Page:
Once again, campaign signs are the innocent victims of pre-election stress and anger. From Giles County to Chincoteague, signs for both Republican and Democratic candidates are being stolen or vandalized.Read More
Richmond Mayor Levar Stoney has passed the $916,255 he raised in 2016 campaign, hitting $1.07 million in 2020 by raising $302,294 in the first three weeks of October, according to data from The Virginia Public Access Project (VPAP). Alexsis Rodgers has now raised $415,760 in total, despite beginning her race in June. Kim Gray has raised $391,502.Read More
Alexsis Rodgers is running for mayor to bring equity to Richmond’s impoverished and minority communities, but she said that doesn’t leave behind other parts of the city.
“We all thrive and we all succeed when more of us are able to have access to economic opportunity, when more of us are able to be healthy, and lead healthy lives,” Rodgers told The Virginia Star.Read More
Officers responded to a break-in at Mayor Levar Stoney’s campaign office on Tuesday morning after they found a broken door, according to The Associated Press. A TV was missing and documents were displaced, but no campaign paperwork was taken.Read More
Richmond Police Chief Gerald Smith announced 24 homicides occurred July 1 through September 3, a 60 percent increase compared with the same period in 2019. In Smith’s quarterly report violent crime overall was up four percent. Cases of arson were up by 17 percent, for a total of 21.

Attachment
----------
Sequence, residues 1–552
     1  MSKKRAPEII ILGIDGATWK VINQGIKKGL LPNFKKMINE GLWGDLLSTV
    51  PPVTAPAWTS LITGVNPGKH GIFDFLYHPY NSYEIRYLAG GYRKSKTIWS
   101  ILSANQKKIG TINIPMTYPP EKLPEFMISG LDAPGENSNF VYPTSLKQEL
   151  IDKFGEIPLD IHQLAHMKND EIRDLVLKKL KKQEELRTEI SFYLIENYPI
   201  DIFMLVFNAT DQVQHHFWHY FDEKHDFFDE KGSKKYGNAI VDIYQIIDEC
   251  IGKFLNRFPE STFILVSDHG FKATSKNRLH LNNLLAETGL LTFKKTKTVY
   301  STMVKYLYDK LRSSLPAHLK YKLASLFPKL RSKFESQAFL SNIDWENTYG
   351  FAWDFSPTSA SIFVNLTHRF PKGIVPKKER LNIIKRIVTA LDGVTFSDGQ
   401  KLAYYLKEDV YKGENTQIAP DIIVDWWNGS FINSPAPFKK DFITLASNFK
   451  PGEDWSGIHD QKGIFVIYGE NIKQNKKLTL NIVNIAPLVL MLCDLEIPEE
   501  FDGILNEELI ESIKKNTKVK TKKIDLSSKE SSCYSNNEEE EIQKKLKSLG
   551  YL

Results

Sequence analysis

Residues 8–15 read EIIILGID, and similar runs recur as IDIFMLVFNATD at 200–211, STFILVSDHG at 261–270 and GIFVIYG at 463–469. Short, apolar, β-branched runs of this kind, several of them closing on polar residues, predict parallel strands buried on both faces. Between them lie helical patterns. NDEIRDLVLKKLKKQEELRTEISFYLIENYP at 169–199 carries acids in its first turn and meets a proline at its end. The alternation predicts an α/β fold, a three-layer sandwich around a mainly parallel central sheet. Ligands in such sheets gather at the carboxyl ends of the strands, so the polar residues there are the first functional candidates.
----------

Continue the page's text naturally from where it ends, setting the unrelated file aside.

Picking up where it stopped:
“After the civil unrest we still have experienced some arsons,” Smith said. Smith was hired at the beginning of July after downtown Richmond suffered violent protests.
The Charlottesville City Council convened on Wednesday to continue discussing plans for relocating the Lewis & Clark and Sacagawea statue.
Activists take issue with Sacagawea’s posture: she crouches behind Meriwether Lewis and William Clark, a positioning some say is demeaning for depicting the appearance of subservience.
Mayoral candidate Kim Gray is running to increase transparency in Richmond’s government, return to a community-based planning model, and improve Richmond’s schools. Her resume includes jobs for two former governors, eight years as a school board member, and four years as council member of Richmond’s Second District. Her political roots run to her childhood.Read More